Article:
Sen. Amy Klobuchar (D-Minn.) is not deterred by anyone’s doubts about a woman’s chance of winning the presidency in 2020.
At a Fox News town hall event on Wednesday in Milwaukee, the presidential candidate was asked about sexism in news coverage of the 2020 presidential candidates, as well as male candidates appearing to be ahead in early polling.
“I think, may the best woman win,” Klobuchar quipped. She noted that Kansas Gov. Laura Kelly (D) is a woman, as is Wisconsin’s own Sen. Tammy Baldwin (D).
“Women won all kinds of elections,” Klobuchar said. “You discount them at your own peril.”
Klobuchar, the first woman from Minnesota elected to the U.S. Senate, is one of more than 20 Democrats in the 2020 presidential race so far. It’s the most diverse field of presidential contenders ever, with several women running, including women of color. The female candidates include Sens. Elizabeth Warren (D-Mass.), Kirsten Gillibrand (D-N.Y.) and Kamala Harris (D-Calif), and Rep. Tulsi Gabbard (D-Hawaii).
Yet early polls show two white men ― former Vice President Joe Biden and Sen. Bernie Sanders (I-Vt.) ― consistently in the lead. In HuffPost’s polling in late March, Biden ― who had yet to announce his candidacy at the time ― was also the only contender whom the majority of Democratic voters (69%) named as capable of beating President Donald Trump in 2020.
Earlier this week, Harris gave her own pointed response to anyone who may question certain candidates’ “electability.”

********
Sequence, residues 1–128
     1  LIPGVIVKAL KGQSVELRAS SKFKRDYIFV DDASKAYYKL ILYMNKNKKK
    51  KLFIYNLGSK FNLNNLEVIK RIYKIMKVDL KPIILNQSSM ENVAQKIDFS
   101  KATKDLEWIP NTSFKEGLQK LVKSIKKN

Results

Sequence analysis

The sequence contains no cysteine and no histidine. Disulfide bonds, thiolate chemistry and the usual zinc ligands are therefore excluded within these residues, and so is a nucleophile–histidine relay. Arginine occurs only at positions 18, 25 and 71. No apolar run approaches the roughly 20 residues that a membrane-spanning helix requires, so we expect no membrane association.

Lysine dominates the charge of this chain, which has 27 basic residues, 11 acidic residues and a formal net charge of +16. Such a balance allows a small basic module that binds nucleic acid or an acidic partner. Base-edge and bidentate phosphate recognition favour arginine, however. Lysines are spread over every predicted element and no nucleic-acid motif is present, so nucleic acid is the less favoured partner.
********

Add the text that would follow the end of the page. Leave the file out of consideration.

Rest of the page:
“There has been a lot of conversation by pundits about ‘electability’ and who can speak to the Midwest … and too often, their definition of the Midwest leaves people out,” Harris said in a speech at the NAACP Freedom Fund dinner in Detroit on Sunday.
Harris suggested those left out of the “electability” conversation are people of color and women.
“It leaves out people in this room who helped build cities like Detroit,” said the senator, who is black and Asian, the daughter of immigrants from Jamaica and India. “It leaves out working women who are on their feet all day.”
“The conversation too often suggests certain voters will only vote for certain candidates,” Harris added. “And it is shortsighted, it’s wrong and the voters deserve better.”
Klobuchar is the latest presidential candidate to do a town hall on the conservative-leaning Fox News network. Sanders did one last month, and Gillibrand and Pete Buttigieg, the mayor of South Bend, Indiana, are set to appear on Fox News in the coming weeks.
At the town hall, Klobuchar also responded to a question about reports this year from HuffPost and other outlets detailing allegations that she mistreated her staff.
“Do I have high standards for myself and for my staff and for my country? Yes, I do,” Klobuchar said. “Not everyone loves you. But that’s not your job. Your job is to do what’s right for this country.”